Echoes of Screams Past – Fear Magazine, issue 32 August 1991
The much missed Fear is due a comeback thanks to the continued efforts of original editor, John Gilbert and so I thought it would be nice to include an issue from the original run as part of our, Echoes of Screams Past series.
This issue from 1991 boasts a cover from Oliver Frey, whom I believed did all of the covers for the original run of Fear and a great many of the interior illustrations to boot. The main feature this issue is Brian Lumley’s Necroscope series and so the cover is a representation of Lumley’s vampiric world. Inside we have an editorial in which John Gilbert talks about realism in movies and makes a case that it doesn’t matter if Silence of the Lambs was unrealistic when its such an effective movie. There was a lot of buzz about Silence of the Lambs and the horror community championed the film as a rare genre movie to find mainstream success.
From there we have a newsy section in which we are told that Briam Lumley will be signing copies Necroscope V in London on July 27th – guess we’re a little late for that then. We are also told that Terminator 2 will open this month, and that Omen 4 is due this coming October. There is a large spread on indie film, Prayer of the Rollerboys which I’ve never seen and then we are treated to a look at Lou Diamond Phillips movie, The First Power. We are also offered a look at the long awaited sequel to Chroneberg’s Scanners which, we know now, turned out to be a bit of a turkey. An interview follows with William F Nolan talking about writing for Hollywood. We are reminded that Clive Barker is currently working on a remake of The Mummy for Universal – Of course we all know now that the project was dropped when Barker’s script was considered too violent and too dark. And Stephen Kings’s new novel, Needful Things is promised to be his last set in the town of Castle Rock – of course that didn’t turn out to be the case.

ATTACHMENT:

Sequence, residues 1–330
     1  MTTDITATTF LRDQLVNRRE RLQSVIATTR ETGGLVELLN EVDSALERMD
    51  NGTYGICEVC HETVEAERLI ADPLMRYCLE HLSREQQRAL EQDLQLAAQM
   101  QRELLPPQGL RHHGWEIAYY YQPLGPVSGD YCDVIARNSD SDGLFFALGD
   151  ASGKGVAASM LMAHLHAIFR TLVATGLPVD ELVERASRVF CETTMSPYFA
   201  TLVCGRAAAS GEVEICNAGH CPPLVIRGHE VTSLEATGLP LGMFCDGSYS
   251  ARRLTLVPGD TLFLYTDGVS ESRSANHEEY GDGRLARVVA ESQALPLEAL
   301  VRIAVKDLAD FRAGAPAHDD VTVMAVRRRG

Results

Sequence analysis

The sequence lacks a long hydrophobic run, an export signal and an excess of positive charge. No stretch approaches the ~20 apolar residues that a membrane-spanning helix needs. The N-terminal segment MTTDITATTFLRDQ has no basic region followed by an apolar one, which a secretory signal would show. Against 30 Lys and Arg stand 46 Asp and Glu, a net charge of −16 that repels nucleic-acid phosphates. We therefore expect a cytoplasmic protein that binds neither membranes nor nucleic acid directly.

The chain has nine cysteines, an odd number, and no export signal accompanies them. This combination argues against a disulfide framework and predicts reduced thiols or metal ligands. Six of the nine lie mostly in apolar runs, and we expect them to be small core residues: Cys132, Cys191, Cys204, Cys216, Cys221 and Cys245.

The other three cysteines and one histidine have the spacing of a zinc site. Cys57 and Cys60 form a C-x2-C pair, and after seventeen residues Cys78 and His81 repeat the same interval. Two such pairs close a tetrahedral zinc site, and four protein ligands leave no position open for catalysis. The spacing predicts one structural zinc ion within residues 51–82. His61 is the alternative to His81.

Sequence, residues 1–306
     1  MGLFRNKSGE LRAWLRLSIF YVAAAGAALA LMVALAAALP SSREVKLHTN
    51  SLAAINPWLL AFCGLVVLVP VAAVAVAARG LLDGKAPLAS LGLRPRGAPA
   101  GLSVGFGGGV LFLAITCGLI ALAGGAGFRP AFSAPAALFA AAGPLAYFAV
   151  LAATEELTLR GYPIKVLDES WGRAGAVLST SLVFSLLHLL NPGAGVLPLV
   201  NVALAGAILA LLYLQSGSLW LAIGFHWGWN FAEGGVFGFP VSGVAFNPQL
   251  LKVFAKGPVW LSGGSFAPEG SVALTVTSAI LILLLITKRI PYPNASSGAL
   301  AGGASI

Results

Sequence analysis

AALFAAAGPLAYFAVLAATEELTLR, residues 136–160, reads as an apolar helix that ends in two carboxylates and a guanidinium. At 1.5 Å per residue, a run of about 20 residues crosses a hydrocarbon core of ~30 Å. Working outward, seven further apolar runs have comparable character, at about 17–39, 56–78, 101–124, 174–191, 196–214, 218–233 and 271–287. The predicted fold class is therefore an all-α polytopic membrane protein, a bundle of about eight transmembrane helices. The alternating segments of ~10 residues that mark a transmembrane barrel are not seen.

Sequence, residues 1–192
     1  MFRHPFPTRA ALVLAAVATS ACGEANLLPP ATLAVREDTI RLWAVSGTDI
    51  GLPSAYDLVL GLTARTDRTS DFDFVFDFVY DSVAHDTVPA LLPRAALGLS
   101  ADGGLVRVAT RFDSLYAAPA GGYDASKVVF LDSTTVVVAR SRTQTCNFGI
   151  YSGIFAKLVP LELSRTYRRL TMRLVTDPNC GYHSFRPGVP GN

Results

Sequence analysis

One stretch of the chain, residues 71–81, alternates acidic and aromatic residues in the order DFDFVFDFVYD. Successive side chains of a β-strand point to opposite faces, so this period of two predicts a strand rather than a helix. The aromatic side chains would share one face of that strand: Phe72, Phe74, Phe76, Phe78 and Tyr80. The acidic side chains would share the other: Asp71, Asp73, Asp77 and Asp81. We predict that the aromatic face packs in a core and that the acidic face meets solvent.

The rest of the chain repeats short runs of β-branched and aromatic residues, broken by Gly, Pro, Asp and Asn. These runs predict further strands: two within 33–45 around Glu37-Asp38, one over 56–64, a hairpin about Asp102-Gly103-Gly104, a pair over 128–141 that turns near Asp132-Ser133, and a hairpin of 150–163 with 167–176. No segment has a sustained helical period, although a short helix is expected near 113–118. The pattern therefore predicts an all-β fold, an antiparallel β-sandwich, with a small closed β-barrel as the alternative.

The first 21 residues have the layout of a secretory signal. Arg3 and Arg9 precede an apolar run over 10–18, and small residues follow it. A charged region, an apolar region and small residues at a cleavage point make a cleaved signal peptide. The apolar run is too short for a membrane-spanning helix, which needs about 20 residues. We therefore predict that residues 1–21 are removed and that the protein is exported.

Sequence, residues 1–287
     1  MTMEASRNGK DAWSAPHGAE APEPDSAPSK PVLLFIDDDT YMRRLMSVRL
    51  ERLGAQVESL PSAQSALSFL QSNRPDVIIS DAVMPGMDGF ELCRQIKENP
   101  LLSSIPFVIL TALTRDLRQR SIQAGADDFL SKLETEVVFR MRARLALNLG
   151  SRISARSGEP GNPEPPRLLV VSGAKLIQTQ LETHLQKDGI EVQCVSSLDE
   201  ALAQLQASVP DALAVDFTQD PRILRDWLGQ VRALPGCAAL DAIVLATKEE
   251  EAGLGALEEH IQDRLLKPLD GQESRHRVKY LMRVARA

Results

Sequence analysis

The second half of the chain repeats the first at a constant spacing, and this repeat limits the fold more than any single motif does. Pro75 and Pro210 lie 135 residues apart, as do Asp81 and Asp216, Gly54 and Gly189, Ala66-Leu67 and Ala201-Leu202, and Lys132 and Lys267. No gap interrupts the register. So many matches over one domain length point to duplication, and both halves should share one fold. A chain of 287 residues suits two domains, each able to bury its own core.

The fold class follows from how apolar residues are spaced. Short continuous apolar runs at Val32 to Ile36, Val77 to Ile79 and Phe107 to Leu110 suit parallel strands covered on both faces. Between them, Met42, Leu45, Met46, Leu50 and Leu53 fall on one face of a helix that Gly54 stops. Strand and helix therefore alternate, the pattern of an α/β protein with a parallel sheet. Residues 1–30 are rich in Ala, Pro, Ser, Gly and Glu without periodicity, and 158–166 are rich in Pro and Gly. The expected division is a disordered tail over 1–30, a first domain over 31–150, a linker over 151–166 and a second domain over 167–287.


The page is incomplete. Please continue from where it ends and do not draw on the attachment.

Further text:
The letters page is an entertaining read, especially all these years after the fact. John Nash of London, thought that Fear was excellent and was grateful for the recent Dan O’Bannon feature, author Graham Masterton wrote a letter in which he bemoans the genre trap and reader, David Klein of Surrey wants to know where he can get a copy of Aliens Uncut.
The special feature this issue is devoted to vampires and there follows a large section devoted to the neck biters – one feature on The Dracula Fan Club (surely, Fang Club!) which was operated from a penthouse overlooking Washington Square Park, is great fun.
Following the vampire section we have the fiction section and then we have the film review – Prayer of the Rollerboys get three and a half skulls which rates it as Good’ish, Nothing but Trouble with Chevy chase gets two skulls which means fair. Poison and Whore both get two stars, or skulls rather. Backdraft gets four skulls = very good and Edward Scissorhands gets five skulls = excellent. Hudson Hawk which is anything but very good gets four skulls and A Kiss before Dying gets four and a half skulls.
Book reviews follow with Raising the Stones by Sheri S. Tapper getting Four Skulls, while Fantasy Tales edited by Stephen Jones also gets four. John Peel’s Doctor Who adventure, Timewyrm is given four and a half skulls, while Craig Shaw Gardner’s The Batman Murders gets three and a half skulls. Fear by ,soon to be religion finder, L Ron Hubbard only gets two skulls.
Following the book review we have a section on heavy metal music which, to my mind, never sat easy within the pages of Fear and then we have a graphic novel feature that provides much more interesting reading.
This magazine came from late in Fear’s original run and although the page count had gone down from its early days, it still offers a damn good read – I look forward to the digital return of the magazine.